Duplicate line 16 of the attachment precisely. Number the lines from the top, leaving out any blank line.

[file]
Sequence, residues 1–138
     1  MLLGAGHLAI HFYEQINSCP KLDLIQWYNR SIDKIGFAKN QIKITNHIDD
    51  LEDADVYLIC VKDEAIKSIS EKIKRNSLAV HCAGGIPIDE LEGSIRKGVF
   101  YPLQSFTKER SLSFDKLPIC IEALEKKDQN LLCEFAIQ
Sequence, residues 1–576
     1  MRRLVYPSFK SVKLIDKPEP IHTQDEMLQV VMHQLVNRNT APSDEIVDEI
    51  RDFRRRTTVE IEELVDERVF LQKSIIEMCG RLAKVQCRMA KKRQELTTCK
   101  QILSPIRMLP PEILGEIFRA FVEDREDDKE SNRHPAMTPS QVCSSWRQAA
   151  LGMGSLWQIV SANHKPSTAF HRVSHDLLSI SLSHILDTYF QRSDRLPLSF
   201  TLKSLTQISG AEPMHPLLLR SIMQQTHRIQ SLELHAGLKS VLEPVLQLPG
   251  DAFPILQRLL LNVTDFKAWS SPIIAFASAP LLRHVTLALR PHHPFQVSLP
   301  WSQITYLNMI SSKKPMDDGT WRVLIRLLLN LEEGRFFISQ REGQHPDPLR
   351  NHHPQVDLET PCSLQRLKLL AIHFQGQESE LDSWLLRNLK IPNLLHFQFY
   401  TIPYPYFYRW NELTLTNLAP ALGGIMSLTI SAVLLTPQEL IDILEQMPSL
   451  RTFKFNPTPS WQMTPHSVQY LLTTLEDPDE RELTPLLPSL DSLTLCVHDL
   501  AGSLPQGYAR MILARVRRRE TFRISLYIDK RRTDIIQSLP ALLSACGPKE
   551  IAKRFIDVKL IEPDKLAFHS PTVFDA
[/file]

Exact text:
   501  AGSLPQGYAR MILARVRRRE TFRISLYIDK RRTDIIQSLP ALLSACGPKE